"The RAM brought up the question, after the explanation by the Ambassador, of how the continued waging of the war is envisaged in Tokyo. At present, Germany wages the war against the common enemies, England and America, mostly alone, while Japan mostly behaves more defensively. However, it would be more correct that all powers allied in the Three Power Pact would combine their forces to defeat England and America, but also Russia together. It is not good when one part must fight alone. One cannot overstrain the German national strength. He has worried silently that certain forces work in Tokyo, who are of the opinion and who propagate it, that Germany would come through the fight victoriously, and that therefore Japan should consolidate itself further at first, before it makes further and utmost efforts."

"Then the RAM again brought up the question of the attack on Russia by Japan, and he declared that after all, the fight on the Burma front as well as in the South is actually more of a maritime problem, and on all fronts-except those in China-there are mostly very few ground forces committed. Therefore the attack on Russia is primarily an army affair, and he asked himself whether the necessary forces would not be ready for that". (2954-PS)

Ribbentrop kept on trying. He held another conference with Oshima about three weeks later, on 18 April 1943. The top secret notes of this conference reveal the following:

"The Reichminister for Foreign Affairs then stressed again that without any doubt this year presented the most favorable opportunity for Japan, if she felt strong enough and had sufficient anti-tank weapons at her disposal, to attack Russia, which certainly would never again be as weak as she is at the moment." (2929-PS)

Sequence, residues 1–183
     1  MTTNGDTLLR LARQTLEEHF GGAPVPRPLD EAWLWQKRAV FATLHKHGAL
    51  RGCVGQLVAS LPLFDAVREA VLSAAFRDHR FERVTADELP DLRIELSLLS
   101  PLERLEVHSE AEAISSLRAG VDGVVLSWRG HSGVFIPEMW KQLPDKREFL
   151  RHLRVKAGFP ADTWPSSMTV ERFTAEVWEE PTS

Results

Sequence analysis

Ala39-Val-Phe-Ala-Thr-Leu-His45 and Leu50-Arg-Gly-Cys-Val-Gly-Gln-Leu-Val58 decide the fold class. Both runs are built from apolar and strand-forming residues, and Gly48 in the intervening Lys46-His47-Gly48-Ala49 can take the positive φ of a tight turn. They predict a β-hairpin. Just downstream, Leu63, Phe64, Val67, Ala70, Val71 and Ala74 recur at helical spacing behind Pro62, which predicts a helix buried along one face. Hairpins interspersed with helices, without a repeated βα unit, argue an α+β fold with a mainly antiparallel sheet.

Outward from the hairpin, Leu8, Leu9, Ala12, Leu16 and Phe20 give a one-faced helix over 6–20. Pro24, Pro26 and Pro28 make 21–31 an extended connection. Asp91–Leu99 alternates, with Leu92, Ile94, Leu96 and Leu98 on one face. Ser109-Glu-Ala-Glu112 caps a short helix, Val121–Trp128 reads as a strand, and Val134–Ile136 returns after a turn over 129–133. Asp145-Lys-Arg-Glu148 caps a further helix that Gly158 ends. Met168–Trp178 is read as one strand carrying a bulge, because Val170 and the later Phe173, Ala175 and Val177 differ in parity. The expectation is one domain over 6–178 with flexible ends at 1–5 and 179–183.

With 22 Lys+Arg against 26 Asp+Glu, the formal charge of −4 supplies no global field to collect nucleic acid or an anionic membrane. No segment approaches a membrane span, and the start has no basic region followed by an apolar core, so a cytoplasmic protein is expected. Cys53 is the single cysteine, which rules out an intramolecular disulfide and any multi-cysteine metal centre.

(3) Nazi Preparations and Collaboration with the Japanese Against the United States. The Nazi preparations and collaboration with the Japanese against the United States present a twofold aspect: one of preparations by the Nazis themselves for attack from across the Atlantic; the other of the fomenting of war in the Pacific.

In the previous discussion of the Nazi exhortations to the Japanese to war against the British Commonwealth and the U.S.S.R., reference has been made to certain documents relating to the United States. Those documents will be taken up again, in their relevant passages, to show their particular application. In the treatment of Ribbentrop's urging the Japanese to war against the U.S.S.R., documents have been introduced chronicling conferences which took place after the dates of 7 December and 11 December 1941 when the Japanese and German Governments, respectively, initiated and declared aggressive war against the United States. These documents have indicated that Nazi awareness and acceptance of the direction in which their actions were leading, as well as the universal aspects of their conspiracy and of their alliance with the Japanese.

(a) Preliminary Nazi Preparations Against the United States. The Nazi conspirators' intentions against the United States must be viewed in the focus of both their over-all plan and their immediate commitments elsewhere. That their over-all plan involved ultimate aggressive war against the United States was intimated by Goering in a speech on 8 July 1938, when the Nazi conspirators had already forcibly annexed Austria and were perfecting their plans for occupation of Czechoslovakia. This speech was delivered to representatives of the aircraft industry and the copy which the prosecution has obtained was transmitted as the enclosure to a secret memorandum from Goering's adjutant to General Udet, who was then in Charge of experimental research for the Luftwaffe (R-140). The statement in the covering memorandum notes that the enclosure is a "copy of the shorthand minutes of the conference". In the course of his long speech, Goering called for increased aircraft production and referred to the necessity for full mobilization of German industrial capacity. He continued: